The DMA & DSA and the implications for advertisers
Celina BelottiPrivacy Lead
The Digital Markets Act (DMA) and Digital Services Act (DSA) are two important pieces of European regulation that aim to improve competition, increase transparency and promote a healthy digital environment in Europe. In this blog post, we will dive into what these regulations entail and what opportunities and challenges they might bring for advertisers.
What are the DMA and DSA?
The Digital Markets Act (DMA) and the Digital Services Act (DSA) are particularly interesting for the digital marketing ecosystem in Europe because they address two complementary issues in the tech environment. While the DMA is a competition law, the DSA looks specifically at how digital services are delivered and how accountable companies are when it comes to the impact of their services. What makes these particularly unique is the fact that they introduce different obligations for different online platforms – the larger the company, the more significant the requirements. The DMA, for example, introduces the concept of a Gatekeeper: Companies that are so big and take up such prevalence in the market that they have an infrastructural character upon which other services can be built. Examples of companies that fall in this category are Google, Meta and Apple, and under the new legislation, they will have new requirements to play.
The Digital Markets Act:
The DMA is focused on regulating the digital market by imposing limitations and requirements on online platforms, particularly on big tech companies, such as Meta, Google, Apple, Amazon, and Microsoft. One of the most important parts of the DMA is the definition of a category of companies that qualify as “gatekeepers”. These are big companies that will have specific responsibilities and limitations, with respect to some of their core platform services, when operating in Europe. The DMA aims to ensure fair competition online and to improve the sustainability of the digital ecosystem in the European market.
The Digital Services Act:
On the other hand, the DSA is focused on regulating digital services. It aims to ensure that platforms have transparent algorithms, that users are protected, and that automated decisions are explained. The DSA is equally important and will also be disruptive to the digital ecosystem but in different ways.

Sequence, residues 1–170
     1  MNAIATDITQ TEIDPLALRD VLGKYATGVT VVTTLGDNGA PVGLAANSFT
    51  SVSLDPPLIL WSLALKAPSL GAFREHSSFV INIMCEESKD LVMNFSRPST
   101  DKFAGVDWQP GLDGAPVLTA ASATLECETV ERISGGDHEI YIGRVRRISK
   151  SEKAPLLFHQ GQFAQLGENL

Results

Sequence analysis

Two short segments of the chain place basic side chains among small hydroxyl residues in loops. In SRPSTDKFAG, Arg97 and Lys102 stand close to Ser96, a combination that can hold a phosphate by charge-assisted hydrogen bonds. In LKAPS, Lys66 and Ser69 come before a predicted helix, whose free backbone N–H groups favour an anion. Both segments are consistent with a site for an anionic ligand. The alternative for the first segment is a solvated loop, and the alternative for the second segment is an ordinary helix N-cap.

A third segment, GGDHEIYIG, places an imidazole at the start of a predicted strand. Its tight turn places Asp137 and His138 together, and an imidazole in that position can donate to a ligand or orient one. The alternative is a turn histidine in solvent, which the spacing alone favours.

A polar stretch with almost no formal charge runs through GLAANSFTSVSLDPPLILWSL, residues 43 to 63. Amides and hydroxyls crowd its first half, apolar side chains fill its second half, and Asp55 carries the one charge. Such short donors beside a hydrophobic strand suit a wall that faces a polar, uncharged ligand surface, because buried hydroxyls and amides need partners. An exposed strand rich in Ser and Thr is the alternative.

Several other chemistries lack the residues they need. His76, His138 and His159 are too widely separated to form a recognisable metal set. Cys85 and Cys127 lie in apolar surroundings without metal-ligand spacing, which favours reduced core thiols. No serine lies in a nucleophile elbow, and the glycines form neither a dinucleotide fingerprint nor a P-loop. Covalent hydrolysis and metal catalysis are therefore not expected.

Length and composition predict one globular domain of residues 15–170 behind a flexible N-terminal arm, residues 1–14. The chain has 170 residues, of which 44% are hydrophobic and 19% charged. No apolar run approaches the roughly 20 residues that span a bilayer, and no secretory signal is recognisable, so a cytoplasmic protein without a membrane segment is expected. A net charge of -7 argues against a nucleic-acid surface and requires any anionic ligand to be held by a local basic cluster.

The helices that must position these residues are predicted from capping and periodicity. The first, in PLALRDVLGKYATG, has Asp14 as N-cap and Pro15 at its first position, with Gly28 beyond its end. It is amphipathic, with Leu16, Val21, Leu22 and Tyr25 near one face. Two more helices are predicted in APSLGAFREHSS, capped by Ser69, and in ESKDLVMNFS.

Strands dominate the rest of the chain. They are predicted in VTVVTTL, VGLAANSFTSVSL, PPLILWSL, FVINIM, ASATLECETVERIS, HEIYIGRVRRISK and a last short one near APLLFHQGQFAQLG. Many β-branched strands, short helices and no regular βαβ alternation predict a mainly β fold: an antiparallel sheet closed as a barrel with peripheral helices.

When we wrote about this topic at the beginning of 2021, both the DSA and the DMA were only proposals. We’ve come a long way since then and although a lot of our predictions are still relevant, we now have a better picture of what implications these new rules might have. With hefty fines for online platforms in case of non-compliance, we think the DMA and DSA package could really shake up the industry.
Opportunities for advertisers
So, what opportunities might the DMA and DSA open for advertisers? One of the most evident opportunities is a consequence of improved transparency. Big companies will be forced to provide more transparency to advertisers around their media spend, targeting, and delivery of ads. This could be positive for advertisers in Europe and for the market in general. With AI becoming more prevalent in advertising, increased transparency could be a game changer when it comes to automated bidding.
Another opportunity that comes from transparency will be around modelling and attribution. With more open standards and reporting, technology providers such as Precis will have opportunities to create and use platform data, while building proprietary tech on top of it, which will benefit the ecosystem tremendously.
In relation to competition standards, we are also looking forward to seeing how companies like Apple will respond, since the DMA ensures that there is a playing field between networks operating separately. This might mean that Apple Search Ads will be forced to employ the same tracking limitations that Google has when running app campaigns on iOS devices, which could decrease the disparity between the two players. Advertisers should keep an eye on how this develops and how it might benefit their advertising efforts.
Things to pay attention to
There are also challenges that advertisers should be concerned about. One important factor to keep at the back of your head is consent. Google has announced that it will enforce new privacy requirements to all advertisers in Europe by requiring them to send consent parameters to the platforms using Consent Mode. Advertisers should also be mindful that connections between platforms owned by similar companies might be impacted, which means that audience quality might decrease, and advertising prices might increase in the next year.
Conclusion: A two-speed Europe
Finally, the DMA and DSA are officialising that Europe is at a different speed when it comes to privacy and data protection in relation to other countries, particularly the US. Advertisers will need to adapt their strategy to different markets and make sure that they have the correct setup. In the case of the DMA and the DSA, this might mean simply making tracking changes to implement Consent Mode, but also keeping a close eye on media buying prices, because they might increase in response to the regulations.
In conclusion, the DMA and DSA are important regulations that will bring both opportunities and challenges for advertisers. Advertisers should be aware of the changes and adapt their strategies accordingly to make the most out of these regulations. Read here to learn more about how Precis can support you with upcoming privacy regulations.